A bizarre, ultra-violent, allegorical Western, "El Topo" is set in two halves that have widely been compared to the... Old and New Testaments of the Bible. In the first half, Jodorowsky plays a violent, black-clad gunfighter who, accompanied by his naked son, sets off on a murderous mission to challenge four Zen masters of gunfighting, and learns from each of them a Great Lesson before they die. In the second half, El Topo sets out to find personal redemption, secluding himself in a subterranean community to learn the ways of peace, but unfortunately death is never far away. First released as an underground film, it was thanks to John Lennon that the film was acquired by Allen Klein of ABKCO, who bought the rights to "El Topo" and then financed Alejandro Jodorowsky’s next film "The Holy Mountain."
During its months of mid-night screenings at the Elgin, Alexandro Jodorowsky's "El Topo" became a secret rite of some importance in New York City. It won what not even the most fashionable success at the East Side art houses has won, genuine followers who depended not on advertising and not, God knows, on influential critical opinion, but on their own needs and their own unaided enthusiasms. Those followers—I'm not sure I'd want to call them just an audience—have also earned a modicum of fame. And some of them, the kids in capes and wide-brimmed hats, the "El Topo" freaks, re-materialized the other night for a sneak preview at the Forum where, yesterday, their movie began its long-awaited full-scale commercial run.Excerpt from Roger Greenspun at the NY Times located HERE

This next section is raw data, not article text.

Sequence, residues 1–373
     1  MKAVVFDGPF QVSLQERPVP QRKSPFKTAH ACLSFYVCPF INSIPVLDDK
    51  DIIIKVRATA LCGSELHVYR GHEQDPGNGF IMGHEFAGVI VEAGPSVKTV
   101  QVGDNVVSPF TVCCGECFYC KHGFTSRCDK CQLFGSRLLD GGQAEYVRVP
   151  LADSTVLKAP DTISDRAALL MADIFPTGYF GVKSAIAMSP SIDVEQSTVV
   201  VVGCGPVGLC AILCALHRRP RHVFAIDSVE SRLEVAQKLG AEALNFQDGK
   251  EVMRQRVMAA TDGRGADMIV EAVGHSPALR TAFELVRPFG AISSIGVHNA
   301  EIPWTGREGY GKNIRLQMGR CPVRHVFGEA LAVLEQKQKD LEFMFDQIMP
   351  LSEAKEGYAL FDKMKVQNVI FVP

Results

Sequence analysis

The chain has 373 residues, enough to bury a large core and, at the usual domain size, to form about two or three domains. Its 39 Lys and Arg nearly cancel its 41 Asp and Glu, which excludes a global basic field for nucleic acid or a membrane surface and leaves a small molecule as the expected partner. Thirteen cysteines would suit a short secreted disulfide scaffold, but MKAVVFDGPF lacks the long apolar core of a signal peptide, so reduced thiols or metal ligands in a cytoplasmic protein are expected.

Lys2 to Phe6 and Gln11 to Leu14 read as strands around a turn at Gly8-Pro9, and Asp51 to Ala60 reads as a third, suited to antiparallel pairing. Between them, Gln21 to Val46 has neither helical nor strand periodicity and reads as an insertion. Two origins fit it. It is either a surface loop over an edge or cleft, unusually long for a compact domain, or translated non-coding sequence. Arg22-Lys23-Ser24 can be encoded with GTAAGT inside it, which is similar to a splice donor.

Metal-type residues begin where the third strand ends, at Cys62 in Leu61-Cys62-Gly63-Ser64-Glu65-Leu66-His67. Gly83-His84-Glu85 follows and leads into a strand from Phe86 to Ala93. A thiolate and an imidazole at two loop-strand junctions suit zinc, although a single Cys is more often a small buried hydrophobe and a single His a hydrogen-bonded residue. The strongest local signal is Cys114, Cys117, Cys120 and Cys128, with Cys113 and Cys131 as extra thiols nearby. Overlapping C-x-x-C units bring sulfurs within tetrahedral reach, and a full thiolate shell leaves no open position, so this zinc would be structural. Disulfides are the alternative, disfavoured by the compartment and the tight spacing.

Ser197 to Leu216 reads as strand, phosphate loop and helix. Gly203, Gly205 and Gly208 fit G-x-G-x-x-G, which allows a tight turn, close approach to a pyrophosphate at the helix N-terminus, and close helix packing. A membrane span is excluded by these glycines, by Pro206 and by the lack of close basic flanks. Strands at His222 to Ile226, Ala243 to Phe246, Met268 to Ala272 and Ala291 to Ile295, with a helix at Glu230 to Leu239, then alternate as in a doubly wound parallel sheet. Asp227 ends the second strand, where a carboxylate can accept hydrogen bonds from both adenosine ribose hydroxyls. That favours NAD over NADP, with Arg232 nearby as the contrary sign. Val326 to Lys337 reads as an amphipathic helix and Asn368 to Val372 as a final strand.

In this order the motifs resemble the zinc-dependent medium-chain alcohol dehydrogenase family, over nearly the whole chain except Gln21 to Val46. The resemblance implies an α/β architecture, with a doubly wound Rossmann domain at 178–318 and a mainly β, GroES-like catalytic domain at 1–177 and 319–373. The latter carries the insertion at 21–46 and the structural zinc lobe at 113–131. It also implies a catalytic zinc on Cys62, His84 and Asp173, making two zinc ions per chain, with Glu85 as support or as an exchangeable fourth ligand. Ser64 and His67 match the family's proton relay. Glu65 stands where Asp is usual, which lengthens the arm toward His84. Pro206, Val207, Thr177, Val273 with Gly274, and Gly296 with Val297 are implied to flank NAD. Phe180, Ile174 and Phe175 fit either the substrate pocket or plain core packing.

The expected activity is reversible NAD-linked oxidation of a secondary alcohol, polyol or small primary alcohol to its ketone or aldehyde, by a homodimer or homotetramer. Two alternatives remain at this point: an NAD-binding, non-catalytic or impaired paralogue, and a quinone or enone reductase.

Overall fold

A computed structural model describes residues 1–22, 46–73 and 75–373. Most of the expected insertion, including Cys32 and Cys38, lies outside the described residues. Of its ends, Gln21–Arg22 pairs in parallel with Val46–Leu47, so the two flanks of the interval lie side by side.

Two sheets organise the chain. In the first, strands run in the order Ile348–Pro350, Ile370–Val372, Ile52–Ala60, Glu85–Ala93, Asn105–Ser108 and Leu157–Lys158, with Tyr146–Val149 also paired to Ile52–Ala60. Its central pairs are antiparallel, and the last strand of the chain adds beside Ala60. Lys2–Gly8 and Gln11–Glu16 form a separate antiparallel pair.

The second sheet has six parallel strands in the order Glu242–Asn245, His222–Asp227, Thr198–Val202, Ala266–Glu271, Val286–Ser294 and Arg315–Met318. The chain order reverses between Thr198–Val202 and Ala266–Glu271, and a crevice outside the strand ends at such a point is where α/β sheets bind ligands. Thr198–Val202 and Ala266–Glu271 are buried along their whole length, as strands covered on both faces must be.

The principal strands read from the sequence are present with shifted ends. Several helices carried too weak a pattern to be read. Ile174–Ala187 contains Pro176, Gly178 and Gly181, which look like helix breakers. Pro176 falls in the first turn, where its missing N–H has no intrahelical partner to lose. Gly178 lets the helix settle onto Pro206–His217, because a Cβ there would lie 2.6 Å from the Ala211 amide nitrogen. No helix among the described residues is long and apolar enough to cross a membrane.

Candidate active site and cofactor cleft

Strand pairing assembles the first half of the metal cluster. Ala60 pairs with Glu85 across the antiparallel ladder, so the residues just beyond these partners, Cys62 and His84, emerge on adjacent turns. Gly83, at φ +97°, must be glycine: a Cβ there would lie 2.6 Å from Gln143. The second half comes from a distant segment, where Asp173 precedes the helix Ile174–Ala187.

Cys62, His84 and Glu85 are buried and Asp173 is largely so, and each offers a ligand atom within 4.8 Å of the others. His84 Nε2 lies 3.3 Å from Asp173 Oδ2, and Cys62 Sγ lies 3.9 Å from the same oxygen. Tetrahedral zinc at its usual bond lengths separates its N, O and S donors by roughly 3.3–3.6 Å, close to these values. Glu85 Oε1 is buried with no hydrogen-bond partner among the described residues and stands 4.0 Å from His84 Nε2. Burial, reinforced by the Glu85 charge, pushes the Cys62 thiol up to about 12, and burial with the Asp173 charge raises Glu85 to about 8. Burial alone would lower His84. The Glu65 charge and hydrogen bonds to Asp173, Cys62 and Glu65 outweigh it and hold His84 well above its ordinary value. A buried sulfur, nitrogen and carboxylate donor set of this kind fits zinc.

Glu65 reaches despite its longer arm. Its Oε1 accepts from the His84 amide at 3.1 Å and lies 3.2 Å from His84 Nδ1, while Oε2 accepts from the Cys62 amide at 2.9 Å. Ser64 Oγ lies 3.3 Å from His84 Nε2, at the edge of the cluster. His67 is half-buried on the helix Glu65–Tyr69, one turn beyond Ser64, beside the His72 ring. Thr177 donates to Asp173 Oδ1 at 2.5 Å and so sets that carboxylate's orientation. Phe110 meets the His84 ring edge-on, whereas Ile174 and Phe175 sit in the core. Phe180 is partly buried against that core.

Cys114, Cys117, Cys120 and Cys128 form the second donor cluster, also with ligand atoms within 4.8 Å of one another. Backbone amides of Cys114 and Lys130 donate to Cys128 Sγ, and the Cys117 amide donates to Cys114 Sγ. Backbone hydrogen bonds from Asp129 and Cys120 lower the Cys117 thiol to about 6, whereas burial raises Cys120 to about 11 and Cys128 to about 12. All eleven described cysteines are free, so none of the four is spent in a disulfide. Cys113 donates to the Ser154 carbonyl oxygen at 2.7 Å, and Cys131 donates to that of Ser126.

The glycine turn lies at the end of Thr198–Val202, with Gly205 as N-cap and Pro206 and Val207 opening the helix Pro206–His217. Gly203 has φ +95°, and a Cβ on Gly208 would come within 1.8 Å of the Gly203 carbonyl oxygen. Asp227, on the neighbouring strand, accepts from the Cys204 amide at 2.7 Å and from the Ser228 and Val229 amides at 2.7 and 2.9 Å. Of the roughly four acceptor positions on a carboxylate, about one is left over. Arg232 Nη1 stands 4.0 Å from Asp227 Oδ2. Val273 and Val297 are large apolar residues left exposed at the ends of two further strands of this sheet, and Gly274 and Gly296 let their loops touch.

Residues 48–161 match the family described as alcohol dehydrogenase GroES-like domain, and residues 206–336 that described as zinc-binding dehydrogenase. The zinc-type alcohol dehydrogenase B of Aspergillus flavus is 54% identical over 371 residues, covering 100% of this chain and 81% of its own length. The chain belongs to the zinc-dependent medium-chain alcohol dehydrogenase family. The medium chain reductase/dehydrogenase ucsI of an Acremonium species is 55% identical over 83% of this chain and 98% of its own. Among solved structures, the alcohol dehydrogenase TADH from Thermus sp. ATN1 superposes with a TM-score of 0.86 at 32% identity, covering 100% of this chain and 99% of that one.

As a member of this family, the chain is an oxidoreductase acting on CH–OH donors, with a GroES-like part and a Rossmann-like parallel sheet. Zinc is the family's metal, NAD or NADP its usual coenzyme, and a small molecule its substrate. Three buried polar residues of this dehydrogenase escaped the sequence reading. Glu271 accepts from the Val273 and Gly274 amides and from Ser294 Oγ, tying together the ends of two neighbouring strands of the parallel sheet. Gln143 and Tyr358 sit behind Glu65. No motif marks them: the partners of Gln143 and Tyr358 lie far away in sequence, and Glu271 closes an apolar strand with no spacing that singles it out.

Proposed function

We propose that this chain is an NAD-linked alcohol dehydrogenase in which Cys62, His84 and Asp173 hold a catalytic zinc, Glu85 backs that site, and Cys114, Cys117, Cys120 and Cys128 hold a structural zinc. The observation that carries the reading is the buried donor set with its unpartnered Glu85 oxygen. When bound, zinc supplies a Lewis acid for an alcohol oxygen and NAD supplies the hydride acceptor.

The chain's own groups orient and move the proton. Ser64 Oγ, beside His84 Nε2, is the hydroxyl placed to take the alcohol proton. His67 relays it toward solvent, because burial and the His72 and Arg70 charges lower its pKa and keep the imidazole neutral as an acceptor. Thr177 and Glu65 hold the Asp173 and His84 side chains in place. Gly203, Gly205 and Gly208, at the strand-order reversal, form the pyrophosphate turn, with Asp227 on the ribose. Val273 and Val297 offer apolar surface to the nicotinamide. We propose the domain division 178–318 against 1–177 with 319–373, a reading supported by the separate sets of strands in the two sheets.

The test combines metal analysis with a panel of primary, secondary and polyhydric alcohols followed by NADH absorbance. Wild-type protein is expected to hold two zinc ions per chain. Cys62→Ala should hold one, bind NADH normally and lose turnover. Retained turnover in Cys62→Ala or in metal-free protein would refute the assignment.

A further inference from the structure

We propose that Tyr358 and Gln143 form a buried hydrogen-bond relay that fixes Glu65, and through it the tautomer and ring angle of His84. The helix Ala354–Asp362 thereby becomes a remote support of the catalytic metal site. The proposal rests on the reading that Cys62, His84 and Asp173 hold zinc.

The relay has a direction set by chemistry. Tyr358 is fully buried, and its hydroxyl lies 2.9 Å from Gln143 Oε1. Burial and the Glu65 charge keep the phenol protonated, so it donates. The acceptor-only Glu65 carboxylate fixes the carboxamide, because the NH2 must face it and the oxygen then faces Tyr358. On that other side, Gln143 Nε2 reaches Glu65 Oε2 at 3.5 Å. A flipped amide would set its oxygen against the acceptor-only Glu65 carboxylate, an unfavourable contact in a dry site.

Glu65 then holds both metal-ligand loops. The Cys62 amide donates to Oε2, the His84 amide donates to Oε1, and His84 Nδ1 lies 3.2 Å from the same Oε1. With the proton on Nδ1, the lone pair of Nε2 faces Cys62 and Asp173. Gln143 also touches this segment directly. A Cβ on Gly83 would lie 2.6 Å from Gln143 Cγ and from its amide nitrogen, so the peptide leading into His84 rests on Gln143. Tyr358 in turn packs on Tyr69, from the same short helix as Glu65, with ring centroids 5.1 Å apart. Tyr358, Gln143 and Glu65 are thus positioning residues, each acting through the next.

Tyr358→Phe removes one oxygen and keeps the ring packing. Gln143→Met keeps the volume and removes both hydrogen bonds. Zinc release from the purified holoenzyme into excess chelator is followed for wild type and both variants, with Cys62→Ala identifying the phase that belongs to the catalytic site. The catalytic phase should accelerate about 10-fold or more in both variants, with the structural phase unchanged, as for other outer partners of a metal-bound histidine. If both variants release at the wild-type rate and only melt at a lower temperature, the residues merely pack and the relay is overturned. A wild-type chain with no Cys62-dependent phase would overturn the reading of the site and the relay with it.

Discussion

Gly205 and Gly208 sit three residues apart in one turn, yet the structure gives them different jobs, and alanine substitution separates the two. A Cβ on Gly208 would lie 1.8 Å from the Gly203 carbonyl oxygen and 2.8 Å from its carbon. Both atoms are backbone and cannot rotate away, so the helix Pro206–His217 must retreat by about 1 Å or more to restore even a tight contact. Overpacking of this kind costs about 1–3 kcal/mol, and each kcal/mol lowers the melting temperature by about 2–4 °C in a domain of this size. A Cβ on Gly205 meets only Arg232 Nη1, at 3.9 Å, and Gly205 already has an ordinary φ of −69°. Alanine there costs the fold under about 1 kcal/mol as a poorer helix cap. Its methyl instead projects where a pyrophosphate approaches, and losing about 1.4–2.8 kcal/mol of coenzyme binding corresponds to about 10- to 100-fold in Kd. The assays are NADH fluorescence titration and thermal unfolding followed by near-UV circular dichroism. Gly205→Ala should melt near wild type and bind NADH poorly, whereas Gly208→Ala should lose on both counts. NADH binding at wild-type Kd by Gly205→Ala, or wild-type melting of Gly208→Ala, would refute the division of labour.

Accordingly, El Topo opens with a passage that could be an existential journey for one's soul or a spoof of a Sergio Leone spaghetti western: The bearded, leather-clad gunfighter El Topo (Jodorowsky himself) and his young son (Brontis Jodorowsky) ride through the desert and into a hamlet of bloodily decimated people and animals. From then on, it's a winding, spiraling road of evil bandits, mystical foes, and whip-cracking dykes, spiked with indelible, inexplicable imagery.Excerpt from Fernando Croce at Slant Magazine located HERE
Image : NOTE: The below Blu-ray captures were taken directly from the Blu-ray disc.